The goal of this program is the protection of areas that are rich in agricultural, natural and cultural resources, thereby preserving resource-based economies, greenbelts and greenways. The Rural Legacy Program provides the funding necessary to protect large contiguous tracts of farms, forests and natural areas through cooperative grant agreements with the state and a local sponsor. The protection of natural resources is accomplished through the voluntary acquisition of property through easement or fee simple purchase. Kent County has participated in this program from the beginning through a regional partnership with the Eastern Shore Land Conservancy and Cecil, Talbot, Caroline and Dorchester Counties. The “Agricultural Security Corridor” partnership has received funding every year, and five easements covering 1,285 acres have been purchased in the Sassafras Rural Legacy Area in Kent County.
The following material is excerpted from Rural Legacy grant applications. For further details, please contact Gail Owings or Carla Martin of the Kent County Department of Planning and Zoning.
The Sassafras River Rural Legacy Area is one of three in the Agricultural Security Corridor. It extends in an arc southwest from Earleville in Cecil County across the Sassafras River just west of Cox Creek to northern Kent County at Bloomfield Farm (Sassafras River Natural Resources Management Area). From this pristine area between Lloyd Creek and Turner Creek, it extends southwest beyond Betterton to Still Pond and Worton. It is about 12,500 acres-5,000+/- acres in Cecil County and 7,500+/- acres in Kent County. On its east border in Cecil County and in its southwest corner in Kent, there are already significant areas preserved by Maryland Agricultural Land Preservation Foundation (MALPF) or Maryland Environmental Trust (MET) easements.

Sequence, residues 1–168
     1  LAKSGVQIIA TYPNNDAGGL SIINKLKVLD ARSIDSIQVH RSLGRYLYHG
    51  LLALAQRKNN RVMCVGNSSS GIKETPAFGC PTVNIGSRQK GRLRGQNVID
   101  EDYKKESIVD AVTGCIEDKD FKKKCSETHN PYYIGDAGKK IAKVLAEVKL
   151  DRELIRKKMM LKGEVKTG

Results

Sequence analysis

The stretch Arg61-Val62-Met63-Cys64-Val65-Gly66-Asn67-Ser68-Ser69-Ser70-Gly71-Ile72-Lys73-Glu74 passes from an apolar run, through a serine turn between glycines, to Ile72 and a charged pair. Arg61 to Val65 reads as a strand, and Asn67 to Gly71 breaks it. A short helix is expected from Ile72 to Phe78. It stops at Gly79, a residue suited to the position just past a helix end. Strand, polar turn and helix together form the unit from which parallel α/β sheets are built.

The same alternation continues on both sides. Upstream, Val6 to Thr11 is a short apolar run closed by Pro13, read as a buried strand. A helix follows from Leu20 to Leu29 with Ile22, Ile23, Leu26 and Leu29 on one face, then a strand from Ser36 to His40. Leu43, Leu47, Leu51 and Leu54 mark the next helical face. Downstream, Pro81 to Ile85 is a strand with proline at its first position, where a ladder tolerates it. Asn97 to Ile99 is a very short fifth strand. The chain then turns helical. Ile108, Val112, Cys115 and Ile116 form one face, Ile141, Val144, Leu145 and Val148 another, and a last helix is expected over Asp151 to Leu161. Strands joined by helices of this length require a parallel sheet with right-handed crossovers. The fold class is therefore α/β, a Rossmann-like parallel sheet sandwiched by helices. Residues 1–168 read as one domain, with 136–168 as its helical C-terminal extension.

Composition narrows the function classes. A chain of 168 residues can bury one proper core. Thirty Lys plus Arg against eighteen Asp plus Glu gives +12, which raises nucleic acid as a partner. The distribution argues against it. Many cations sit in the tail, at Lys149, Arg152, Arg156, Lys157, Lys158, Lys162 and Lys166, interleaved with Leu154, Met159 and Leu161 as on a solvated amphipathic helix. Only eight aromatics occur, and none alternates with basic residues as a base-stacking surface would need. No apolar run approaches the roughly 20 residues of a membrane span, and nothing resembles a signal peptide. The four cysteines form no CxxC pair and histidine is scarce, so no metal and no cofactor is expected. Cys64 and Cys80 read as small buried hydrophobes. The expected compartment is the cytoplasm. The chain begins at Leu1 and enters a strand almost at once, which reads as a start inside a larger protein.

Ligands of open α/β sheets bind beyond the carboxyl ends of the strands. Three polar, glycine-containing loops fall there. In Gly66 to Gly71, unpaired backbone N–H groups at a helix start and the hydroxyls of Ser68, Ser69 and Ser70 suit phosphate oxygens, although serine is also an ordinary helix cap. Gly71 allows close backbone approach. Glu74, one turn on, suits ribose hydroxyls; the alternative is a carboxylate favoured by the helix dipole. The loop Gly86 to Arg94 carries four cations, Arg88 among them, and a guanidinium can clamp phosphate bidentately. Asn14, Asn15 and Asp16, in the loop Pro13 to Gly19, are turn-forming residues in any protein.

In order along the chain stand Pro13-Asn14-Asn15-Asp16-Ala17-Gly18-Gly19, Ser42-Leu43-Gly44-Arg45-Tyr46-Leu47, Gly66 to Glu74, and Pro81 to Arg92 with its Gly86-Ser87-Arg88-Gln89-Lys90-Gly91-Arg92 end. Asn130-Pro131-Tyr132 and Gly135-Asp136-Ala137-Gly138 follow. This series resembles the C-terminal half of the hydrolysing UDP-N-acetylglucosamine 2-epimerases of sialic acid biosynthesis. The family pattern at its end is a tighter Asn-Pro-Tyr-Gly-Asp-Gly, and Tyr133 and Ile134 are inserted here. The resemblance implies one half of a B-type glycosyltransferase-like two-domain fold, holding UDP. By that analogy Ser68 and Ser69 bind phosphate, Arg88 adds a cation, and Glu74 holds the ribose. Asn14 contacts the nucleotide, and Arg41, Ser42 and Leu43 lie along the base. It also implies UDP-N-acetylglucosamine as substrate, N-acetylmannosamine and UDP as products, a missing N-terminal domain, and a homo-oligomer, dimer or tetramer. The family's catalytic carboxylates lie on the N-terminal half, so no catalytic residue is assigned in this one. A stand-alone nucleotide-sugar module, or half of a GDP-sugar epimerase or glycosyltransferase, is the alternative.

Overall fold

This plan will preserve farmland in this scenic upper Coastal Plain corridor from further development and protect the agricultural economy of the region. The Sassafras River Rural Legacy Area contains some of the most important soils for agricultural production in Cecil and Kent Counties. Area soils are well-drained and require little additional nutrients or irrigation. The rolling landscape supports working family farmers, dairy herds, and crops of corn, soybeans, wheat and small grains. Steep slopes and alluvial ravines drain to the tidal tributaries of the Sassafras River, which itself has some of the most pristine and spectacular views of the upper Bay from bluffs up to 80 feet high. Areas not in agricultural production because of slopes or soil are forested, providing habitat links throughout the area.
Threats to the Sassafras River Rural Legacy Area and other areas in the Agricultural Security Corridor result from pressures for low density sprawl development. Cecil County is still the most rural county along the Interstate 95 corridor from Boston to Washington. In recent years, local residents in Cecil and Kent Counties have become alarmed at the rapid increase in development in southern New Castle County, Delaware. Just across the Maryland-Delaware state line at Middletown, Delaware area farms are losing ground. This Rural Legacy Area, which had many small-lot summer homes in the past, now is threatened by popular second home developments. Growth in existing town centers is encouraged through zoning but sewer and water costs have been a deterrent. Inexpensive houses on large lots beckon to young families, and farmers, in need of cash to cover farm operations, are eager to supply the lots. Since prime agricultural soils are also the most suitable for on-site septic waste disposal, inherent conflicts arise as farms are converted to non-agricultural uses. Both counties, like others in the Agricultural Security Corridor, have adopted Right-to-Farm ordinances to protect agricultural uses. Both counties agree that purchase of development rights is a method which can work together with zoning and other tools to prevent further land conversion to subdivisions.